May 23 (Bloomberg) -- Mexico is scheduled to receive a spot cargo of liquefied natural gas from Nigeria today, according to ship-tracking data.
The Trinity Glory, with a capacity of 152,675 cubic meters, is due to arrive at the Altamira facility on Mexico’s east coast, according to ship transmissions captured by IHS Fairplay on Bloomberg. The tanker sailed from Nigeria LNG Ltd.’s Bonny Island terminal, where it loaded the supercooled gas and departed May 2.
Koninklijke Vopak NV, a Dutch storage provider, is the majority shareholder in Altamira with a 60 percent stake, according to the company’s website.
Gerbert van Genderen Stort, a Rotterdam-based spokesman for Vopak, and Kudo Eresia-Eke, an Abuja-based official at Nigeria LNG, didn’t respond to phone calls or e-mails sent outside working hours.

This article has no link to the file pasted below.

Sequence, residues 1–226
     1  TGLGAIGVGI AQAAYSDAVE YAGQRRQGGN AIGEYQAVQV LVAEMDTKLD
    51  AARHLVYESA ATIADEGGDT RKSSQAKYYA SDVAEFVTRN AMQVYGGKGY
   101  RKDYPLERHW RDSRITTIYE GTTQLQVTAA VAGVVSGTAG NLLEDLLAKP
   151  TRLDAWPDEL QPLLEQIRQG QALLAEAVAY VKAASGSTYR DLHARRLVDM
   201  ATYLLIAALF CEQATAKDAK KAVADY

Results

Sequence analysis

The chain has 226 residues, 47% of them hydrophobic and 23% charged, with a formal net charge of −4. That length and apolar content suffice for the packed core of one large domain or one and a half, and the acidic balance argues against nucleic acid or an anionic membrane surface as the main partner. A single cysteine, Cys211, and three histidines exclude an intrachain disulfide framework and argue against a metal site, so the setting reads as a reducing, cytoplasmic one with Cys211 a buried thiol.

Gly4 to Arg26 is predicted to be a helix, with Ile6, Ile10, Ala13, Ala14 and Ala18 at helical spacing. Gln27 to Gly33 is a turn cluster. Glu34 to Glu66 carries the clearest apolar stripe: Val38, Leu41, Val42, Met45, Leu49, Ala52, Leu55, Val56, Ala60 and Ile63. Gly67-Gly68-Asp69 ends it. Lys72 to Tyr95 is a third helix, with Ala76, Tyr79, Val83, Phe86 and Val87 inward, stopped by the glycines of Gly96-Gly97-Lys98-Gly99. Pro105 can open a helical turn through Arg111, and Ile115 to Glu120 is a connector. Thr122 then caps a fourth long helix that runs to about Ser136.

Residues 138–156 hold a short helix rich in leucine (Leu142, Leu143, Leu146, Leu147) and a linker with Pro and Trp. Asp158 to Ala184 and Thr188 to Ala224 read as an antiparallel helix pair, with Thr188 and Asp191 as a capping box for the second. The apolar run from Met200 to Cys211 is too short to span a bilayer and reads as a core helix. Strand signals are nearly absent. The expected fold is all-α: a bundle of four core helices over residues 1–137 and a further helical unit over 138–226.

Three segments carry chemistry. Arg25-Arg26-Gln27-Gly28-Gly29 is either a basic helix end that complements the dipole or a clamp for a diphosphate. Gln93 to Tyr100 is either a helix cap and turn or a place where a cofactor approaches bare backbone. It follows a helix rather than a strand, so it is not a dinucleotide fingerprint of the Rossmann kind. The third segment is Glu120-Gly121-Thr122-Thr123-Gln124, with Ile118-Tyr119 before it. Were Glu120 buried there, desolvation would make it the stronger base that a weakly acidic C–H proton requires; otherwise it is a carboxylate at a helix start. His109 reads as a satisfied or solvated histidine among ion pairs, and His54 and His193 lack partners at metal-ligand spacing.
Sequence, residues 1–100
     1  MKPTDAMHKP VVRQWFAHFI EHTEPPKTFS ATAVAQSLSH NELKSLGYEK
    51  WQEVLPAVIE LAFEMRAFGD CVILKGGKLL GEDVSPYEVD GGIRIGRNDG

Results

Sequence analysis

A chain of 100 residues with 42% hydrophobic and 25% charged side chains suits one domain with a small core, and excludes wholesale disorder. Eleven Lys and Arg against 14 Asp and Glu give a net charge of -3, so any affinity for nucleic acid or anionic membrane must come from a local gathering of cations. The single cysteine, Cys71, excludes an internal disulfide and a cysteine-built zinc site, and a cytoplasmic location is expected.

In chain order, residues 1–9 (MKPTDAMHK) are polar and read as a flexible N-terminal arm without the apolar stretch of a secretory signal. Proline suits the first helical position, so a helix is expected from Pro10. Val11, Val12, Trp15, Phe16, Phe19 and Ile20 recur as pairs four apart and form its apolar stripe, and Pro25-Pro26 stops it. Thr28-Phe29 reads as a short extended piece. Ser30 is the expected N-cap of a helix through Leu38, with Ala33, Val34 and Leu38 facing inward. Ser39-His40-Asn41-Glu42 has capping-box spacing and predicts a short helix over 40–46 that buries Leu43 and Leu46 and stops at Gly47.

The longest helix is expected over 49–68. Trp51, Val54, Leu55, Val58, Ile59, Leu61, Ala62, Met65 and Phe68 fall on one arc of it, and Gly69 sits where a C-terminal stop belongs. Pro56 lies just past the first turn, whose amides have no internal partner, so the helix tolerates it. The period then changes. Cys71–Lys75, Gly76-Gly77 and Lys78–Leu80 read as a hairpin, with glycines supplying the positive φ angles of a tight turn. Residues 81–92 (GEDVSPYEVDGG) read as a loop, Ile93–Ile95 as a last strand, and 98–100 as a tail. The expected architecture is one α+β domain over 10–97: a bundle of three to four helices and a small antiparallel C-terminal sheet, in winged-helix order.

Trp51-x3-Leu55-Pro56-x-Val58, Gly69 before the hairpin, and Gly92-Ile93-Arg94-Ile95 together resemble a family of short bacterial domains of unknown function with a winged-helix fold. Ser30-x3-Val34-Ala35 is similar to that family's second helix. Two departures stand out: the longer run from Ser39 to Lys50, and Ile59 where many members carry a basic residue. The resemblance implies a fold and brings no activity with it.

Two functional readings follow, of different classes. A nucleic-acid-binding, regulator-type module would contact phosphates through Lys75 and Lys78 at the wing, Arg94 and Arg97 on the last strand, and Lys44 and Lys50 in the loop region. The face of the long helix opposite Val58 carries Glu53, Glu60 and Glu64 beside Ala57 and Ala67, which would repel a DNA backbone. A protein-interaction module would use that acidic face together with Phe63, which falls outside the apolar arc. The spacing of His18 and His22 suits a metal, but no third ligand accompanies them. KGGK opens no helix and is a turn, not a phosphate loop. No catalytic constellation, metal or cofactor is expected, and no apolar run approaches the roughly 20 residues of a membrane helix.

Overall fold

Mexico doesn’t have term contracts to buy LNG from Nigeria, according to data compiled by Bloomberg. The country’s state utility, Comision Federal de Electricidad, bought 19 cargoes from Trafigura AG and eight shipments from BP Plc through a spot buy tender over the last two weeks.
Nigeria LNG, Africa’s largest exporter of the fuel, said May 15 it declared force majeure on exports after Royal Dutch Shell Plc discovered a pipeline leak and halted deliveries.
The announcement followed Shell’s shutdown of its Gbaran Ubie and Soku gas facilities after the pipeline leak cut supplies by half, Eresia-Eke said May 17 in an e-mail. Force majeure is a legal step that protects a company from liability when it can’t fulfill a contract for reasons beyond its control.
Latin America’s LNG import capacity will increase to 49.2 million metric tons a year in 2020 from a projected 30 million this year, Anton Safronov, Total SA’s LNG origination director, said May 9 in Singapore.
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